Dave Bittner: [00:13:16] It's time to tell you about our sponsor, privacy.com. If you're a longtime listener, you've probably heard me mention privacy.com on the CyberWire before. In fact, when I was a guest on another cybersecurity podcast, privacy.com was my pick of the week one week for something that everybody should check out. And here's why - Privacy lets you buy things online using virtual card numbers instead of using your real ones. Think about it. You don't use the same password everywhere, so why would you use the same card number everywhere when you shop online? What's great is that it's super-fast and easy to use. Privacy.com gives you a brand-new virtual card number for every purchase you make with just one click. And we've got a special offer for CyberWire listeners. New customers will get $5 for a limited time to spend on your first purchase - 5 bucks, free money. So go to privacy.com/cyberwire and sign up now. That's privacy.com/cyberwire. And we thank privacy.com for sponsoring our show.

Dave Bittner: [00:14:23] And joining me once again is Rick Howard. He's the chief security officer at Palo Alto Networks, and he also heads up Unit 42. That's their threat intelligence team. Rick, it's great to have you back. As we record this, we are heading into the holidays. I don't know about you, but I am ready for a long winter's nap.

(LAUGHTER)

Dave Bittner: [00:14:41] And one of the things you wanted to check in with was maybe a way to kickback, sit in front of the fire perhaps with an adult beverage in your hand and enjoy a good read. What do you have to recommend for us this year?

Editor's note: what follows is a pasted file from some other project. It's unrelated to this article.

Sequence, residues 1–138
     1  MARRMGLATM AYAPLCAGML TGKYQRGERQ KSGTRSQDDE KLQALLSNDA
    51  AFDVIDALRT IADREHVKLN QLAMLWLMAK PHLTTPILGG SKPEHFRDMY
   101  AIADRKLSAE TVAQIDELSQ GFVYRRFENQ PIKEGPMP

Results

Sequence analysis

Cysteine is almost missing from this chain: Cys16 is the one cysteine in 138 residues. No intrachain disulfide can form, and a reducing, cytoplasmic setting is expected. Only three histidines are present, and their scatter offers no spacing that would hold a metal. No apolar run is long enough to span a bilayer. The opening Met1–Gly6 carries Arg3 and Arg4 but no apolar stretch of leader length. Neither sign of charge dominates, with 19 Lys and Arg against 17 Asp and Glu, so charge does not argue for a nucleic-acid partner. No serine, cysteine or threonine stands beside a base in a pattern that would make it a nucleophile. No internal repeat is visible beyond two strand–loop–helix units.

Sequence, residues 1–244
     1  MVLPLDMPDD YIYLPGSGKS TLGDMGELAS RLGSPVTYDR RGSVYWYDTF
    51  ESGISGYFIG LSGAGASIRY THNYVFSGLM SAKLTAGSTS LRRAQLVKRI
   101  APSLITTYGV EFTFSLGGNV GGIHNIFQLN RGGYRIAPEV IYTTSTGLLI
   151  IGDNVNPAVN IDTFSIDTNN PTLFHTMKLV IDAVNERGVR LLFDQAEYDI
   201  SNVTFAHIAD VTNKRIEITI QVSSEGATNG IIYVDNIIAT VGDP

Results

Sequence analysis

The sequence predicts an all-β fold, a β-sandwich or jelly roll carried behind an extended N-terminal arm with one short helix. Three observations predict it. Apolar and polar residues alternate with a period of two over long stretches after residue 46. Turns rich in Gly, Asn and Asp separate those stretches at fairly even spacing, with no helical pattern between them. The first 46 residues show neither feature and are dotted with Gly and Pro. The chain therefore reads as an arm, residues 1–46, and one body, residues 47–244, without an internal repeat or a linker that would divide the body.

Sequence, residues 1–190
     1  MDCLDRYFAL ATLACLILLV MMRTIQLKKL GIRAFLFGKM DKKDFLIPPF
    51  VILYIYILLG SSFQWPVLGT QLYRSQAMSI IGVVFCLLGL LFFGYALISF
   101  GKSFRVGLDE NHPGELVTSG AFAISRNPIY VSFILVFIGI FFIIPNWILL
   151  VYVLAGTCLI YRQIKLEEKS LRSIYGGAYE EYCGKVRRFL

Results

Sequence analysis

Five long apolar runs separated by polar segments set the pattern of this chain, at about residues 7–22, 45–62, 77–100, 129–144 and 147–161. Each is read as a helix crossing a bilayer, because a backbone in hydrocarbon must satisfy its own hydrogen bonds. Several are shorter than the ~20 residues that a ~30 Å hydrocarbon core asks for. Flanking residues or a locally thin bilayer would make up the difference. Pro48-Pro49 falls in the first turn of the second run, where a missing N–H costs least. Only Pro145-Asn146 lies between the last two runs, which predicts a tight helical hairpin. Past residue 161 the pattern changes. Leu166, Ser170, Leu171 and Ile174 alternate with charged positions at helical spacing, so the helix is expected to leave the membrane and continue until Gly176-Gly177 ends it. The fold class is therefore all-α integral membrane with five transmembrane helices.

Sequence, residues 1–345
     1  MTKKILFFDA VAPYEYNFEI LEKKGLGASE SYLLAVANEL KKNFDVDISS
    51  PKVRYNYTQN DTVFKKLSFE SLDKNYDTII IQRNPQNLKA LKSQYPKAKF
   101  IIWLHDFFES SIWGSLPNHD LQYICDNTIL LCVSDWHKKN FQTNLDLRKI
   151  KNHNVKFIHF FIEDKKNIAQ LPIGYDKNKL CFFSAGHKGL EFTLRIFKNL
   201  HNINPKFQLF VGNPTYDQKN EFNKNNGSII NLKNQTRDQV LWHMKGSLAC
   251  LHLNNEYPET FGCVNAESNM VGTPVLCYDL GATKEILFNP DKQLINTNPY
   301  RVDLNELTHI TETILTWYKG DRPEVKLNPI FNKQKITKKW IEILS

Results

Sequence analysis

Rick Howard: [00:14:52] Exactly. That's what we should be doing - a little downtime going into the...

Dave Bittner: [00:14:56] Yep.

Rick Howard: [00:14:56] ...Holidays. It's time for family and loved ones and a little relaxation - an escape, shall we say, from the hustle and bustle of the year.

Dave Bittner: [00:15:03] Yes.

Rick Howard: [00:15:04] And what better way to idle away that time - is to curl up with a good book. You know I'm a big fan of reading...

Dave Bittner: [00:15:09] Sure.

Rick Howard: [00:15:09] ...Cybersecurity books, especially from my Cybersecurity Canon project. Now...

Dave Bittner: [00:15:13] Right.

Rick Howard: [00:15:14] So the first book I want to recommend is William Gibson's 1984 landmark novel called "Neuromancer." Have you heard of this before?

Dave Bittner: [00:15:23] I am familiar with it. I haven't read it, but I certainly know of it.

Rick Howard: [00:15:26] Well, it's really fabulous - just the history of it. For not being a geek or a cyber anything, Gibson invented and clarified our cybersecurity language 10 years before it became mainstream. He coined words like cyberspace. He launched the cyberpunk genre. He pontificated about a sci-fi trope called the singularity. He guessed correctly that hacktivism would be a thing and understood that we would all need some sort of search engine long before any of us knew how vital Google and other similar services would become. He received multiple book awards for this one and is often quoted as having one of the best ever opening novel lines, and here it is. (Reading) The sky above the port was the color of television tuned to a dead channel. Yeah. That's fantastic stuff.

Dave Bittner: [00:16:14] Yeah.

Rick Howard: [00:16:15] So the main "Neuromancer" character is Case. He's a world-class hacker cowboy. He - and Gibson refers to all hackers as cowboys in the book. And he's kind of fallen from grace. He ends up joining a misfit team. The leader Armitage - kind of an ex-military person. There's an assassin, Molly, a beautiful cyborg. The techie Finn - he's the prototype scrounger. You know, he gets all the stuff they need to do their missions. And the mentalist Peter - a psychopathic mind bender. All right, so - and the reader is never really sure what the team's ultimate objective is until close to the end of the story.